The substrate 52 is a plastic or a cloth member that is conducive to being retained on the skin of an injured person or animal on or proximate a bleeding wound. An adhesive 54 is disposed on a surface of the substrate 52 that engages the skin of the injured person or animal. Particularly if the substrate 52 is a non-breathable plastic material, the substrate may include holes 56 to allow for the dissipation of moisture evaporating from the skin surface.
Referring now to FIG. 6, another embodiment of the present invention is a sponge, shown at 60, which comprises a substrate 62, the particlized kaolin 14 (or some other clay material or diatomaceous earth) disposed on one face of the substrate 62, and a release agent 64 disposed on an opposing face of the substrate. The sponge 60 allows for sufficient contact of the particlized kaolin 14 with blood emanating from a wound and through the release agent 64 and the substrate 62 while minimizing the adhesion of the sponge to the wound tissue. The sponge 60 is also compatible with living tissue.
The substrate 62 is an absorbent gauze material that defines a matrix. The present invention is not so limited, however, as other materials such as rayon/polyester cellulose blends and the like are also within the scope of the present invention. Other materials from which the substrate 62 may be fabricated include woven fabric, non-woven fabric, paper (e.g., kraft paper and the like), and cellulose material (e.g., cotton in the forms of balls, swabs, and the like). Any material from which the substrate 62 may be fabricated may have an elastic quality. When elastic materials are used as the substrate 62, the sponge 60 becomes both a hemostatic device and a pressure bandage, particularly in embodiments in which a surface cohesive agent or mechanical fastener is added to secure the sponge in place over a wound.
The hemostatic agent used in the sponge 60 is not limited to particlized kaolin 14. Other materials such as attapulgite, bentonite, combinations of the foregoing, or a combination of the foregoing with kaolin may be used. The present invention is also not limited to clays, as other materials such as bioactive glass, biological hemostats, diatomaceous earth, combinations thereof, the combinations thereof with clay are also within the scope of the present invention.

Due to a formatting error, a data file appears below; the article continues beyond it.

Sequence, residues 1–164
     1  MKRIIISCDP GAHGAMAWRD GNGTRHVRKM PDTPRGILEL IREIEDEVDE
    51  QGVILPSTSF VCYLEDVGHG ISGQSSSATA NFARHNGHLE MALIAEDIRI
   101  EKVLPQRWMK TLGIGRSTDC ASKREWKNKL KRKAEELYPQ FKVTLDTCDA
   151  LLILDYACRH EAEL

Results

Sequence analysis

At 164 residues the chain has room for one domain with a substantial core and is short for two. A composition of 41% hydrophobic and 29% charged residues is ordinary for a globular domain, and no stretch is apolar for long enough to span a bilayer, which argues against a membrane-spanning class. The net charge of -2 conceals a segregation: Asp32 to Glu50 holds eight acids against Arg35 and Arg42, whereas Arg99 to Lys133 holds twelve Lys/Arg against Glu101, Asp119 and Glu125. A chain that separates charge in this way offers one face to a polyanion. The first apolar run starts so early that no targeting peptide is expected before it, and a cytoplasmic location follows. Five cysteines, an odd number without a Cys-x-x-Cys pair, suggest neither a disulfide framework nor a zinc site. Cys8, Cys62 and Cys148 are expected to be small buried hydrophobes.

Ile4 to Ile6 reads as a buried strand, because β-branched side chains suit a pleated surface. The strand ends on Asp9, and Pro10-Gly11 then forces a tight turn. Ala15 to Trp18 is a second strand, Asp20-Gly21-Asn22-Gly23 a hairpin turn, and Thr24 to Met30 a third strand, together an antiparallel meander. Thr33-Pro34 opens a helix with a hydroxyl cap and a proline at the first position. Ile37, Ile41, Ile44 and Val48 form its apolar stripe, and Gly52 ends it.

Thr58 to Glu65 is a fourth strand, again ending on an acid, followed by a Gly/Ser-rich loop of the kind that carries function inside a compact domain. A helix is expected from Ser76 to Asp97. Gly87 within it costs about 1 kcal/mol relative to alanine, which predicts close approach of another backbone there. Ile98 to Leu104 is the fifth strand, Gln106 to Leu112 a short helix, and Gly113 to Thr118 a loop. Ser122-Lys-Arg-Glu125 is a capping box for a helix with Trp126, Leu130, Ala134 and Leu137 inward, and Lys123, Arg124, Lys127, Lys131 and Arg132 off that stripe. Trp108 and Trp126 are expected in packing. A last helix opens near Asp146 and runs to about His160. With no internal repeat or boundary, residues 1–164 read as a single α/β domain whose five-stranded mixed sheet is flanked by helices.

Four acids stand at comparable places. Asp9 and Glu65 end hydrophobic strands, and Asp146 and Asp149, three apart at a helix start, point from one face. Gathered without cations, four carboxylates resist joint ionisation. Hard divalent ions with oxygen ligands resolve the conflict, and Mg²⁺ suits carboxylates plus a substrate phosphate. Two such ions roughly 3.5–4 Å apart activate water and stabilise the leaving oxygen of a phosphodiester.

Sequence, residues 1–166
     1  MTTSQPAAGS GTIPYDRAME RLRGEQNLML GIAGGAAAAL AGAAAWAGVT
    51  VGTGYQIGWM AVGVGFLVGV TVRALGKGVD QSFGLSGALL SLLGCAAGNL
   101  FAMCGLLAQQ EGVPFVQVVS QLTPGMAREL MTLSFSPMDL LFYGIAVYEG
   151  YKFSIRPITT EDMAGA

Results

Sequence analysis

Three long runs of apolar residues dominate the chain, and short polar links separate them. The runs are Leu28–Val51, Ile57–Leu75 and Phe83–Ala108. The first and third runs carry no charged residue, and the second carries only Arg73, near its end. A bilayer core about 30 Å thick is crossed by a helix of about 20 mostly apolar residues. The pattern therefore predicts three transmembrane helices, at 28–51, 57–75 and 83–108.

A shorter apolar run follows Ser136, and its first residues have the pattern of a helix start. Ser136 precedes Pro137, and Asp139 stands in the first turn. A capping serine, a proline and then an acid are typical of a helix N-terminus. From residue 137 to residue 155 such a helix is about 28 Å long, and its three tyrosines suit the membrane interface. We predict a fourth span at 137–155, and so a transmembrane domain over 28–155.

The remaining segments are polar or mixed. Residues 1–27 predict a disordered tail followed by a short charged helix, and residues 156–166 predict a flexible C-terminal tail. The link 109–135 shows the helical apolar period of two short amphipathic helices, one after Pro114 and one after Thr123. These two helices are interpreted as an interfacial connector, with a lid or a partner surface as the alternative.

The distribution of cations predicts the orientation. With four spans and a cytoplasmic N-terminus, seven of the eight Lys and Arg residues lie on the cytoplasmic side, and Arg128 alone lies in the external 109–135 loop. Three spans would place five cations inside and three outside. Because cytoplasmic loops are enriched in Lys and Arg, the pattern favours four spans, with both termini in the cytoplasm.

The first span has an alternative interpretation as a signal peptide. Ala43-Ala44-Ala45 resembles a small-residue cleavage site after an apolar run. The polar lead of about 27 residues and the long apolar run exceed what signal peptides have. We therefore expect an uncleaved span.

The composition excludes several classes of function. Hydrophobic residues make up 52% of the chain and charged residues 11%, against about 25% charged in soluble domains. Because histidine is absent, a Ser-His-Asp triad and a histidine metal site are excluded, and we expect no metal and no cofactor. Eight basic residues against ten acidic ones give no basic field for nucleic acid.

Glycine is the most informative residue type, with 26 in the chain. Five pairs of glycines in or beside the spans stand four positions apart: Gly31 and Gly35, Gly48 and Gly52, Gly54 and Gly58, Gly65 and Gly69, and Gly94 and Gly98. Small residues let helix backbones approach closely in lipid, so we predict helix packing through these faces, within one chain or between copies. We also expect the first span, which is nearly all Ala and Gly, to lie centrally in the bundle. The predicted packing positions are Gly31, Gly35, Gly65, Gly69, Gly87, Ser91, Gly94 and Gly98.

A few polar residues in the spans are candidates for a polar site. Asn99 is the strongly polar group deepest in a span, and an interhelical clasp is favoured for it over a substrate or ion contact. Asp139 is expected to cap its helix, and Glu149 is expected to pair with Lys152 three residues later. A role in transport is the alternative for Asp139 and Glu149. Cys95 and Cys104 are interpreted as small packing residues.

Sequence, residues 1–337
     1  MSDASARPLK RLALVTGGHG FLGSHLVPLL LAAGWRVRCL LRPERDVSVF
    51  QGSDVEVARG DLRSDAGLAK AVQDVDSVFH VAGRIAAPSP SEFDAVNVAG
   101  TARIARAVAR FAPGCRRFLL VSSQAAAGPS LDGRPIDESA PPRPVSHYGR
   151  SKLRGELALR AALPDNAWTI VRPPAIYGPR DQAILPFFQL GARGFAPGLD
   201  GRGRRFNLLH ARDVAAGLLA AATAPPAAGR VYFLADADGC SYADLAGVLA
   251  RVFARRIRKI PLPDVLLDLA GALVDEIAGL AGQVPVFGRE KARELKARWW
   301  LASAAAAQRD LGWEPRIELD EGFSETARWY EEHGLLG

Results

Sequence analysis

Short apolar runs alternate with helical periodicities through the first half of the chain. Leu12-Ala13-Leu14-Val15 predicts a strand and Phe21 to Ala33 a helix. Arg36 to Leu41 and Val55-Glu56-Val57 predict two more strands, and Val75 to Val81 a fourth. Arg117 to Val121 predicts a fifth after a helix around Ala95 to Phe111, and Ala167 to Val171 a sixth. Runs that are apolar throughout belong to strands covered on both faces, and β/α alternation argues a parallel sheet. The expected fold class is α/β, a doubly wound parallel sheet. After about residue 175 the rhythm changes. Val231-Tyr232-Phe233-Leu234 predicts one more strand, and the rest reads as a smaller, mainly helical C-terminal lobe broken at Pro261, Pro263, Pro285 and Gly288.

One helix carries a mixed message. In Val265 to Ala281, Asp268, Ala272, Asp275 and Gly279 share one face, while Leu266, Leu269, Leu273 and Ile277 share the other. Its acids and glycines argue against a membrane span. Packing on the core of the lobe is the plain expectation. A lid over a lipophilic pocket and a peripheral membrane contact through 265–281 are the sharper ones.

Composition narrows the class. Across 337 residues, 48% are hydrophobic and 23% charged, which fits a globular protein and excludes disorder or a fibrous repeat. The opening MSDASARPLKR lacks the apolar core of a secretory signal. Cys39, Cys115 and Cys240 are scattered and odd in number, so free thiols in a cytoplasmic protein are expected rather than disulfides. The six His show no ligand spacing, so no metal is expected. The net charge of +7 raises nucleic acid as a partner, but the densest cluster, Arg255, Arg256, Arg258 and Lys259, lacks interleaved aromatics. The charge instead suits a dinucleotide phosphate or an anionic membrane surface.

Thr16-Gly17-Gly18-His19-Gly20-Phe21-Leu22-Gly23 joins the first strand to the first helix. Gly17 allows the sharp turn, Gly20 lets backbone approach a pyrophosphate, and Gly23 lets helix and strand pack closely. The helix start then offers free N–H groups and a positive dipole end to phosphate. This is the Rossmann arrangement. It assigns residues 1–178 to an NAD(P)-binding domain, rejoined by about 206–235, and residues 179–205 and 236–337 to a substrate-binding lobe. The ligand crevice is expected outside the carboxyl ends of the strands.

The particlized kaolin 14 may be bound to the substrate 62 via coulombic forces, by impregnating or otherwise incorporating the clay or other hemostatic material directly into the material of the substrate, by using a binder, by trapping the hemostatic material within the matrix, or the like.
When using a binder to bind the particlized kaolin 14 to the substrate 62, the binder material may provide additional functionality to the sponge 60. Materials from which the binder may be fabricated include, but are not limited to, chitosan, polyvinyl alcohol, guar gum, gelatinized starches, polysaccharides, cellulose (e.g., carboxymethyl cellulose), calcium alginate, and the like, as well as combinations of the foregoing.
In embodiments in which the particlized kaolin 14 is incorporated into the substrate 62 directly, the particlized kaolin may be added during the substrate fabrication. If the substrate is a non-woven gauze material containing rayon and polyester, then the particlized kaolin 14 may be incorporated into or onto the fibers of rayon and polyester. For example, the particlized kaolin 14 may be in powder form and applied to molten polyester, and polyester fibers may be drawn from the polyester/hemostatic material melt. If the substrate is a woven gauze (e.g., cotton), the kaolin 14 in powder form may be incorporated into the cotton threads during formation of the threads.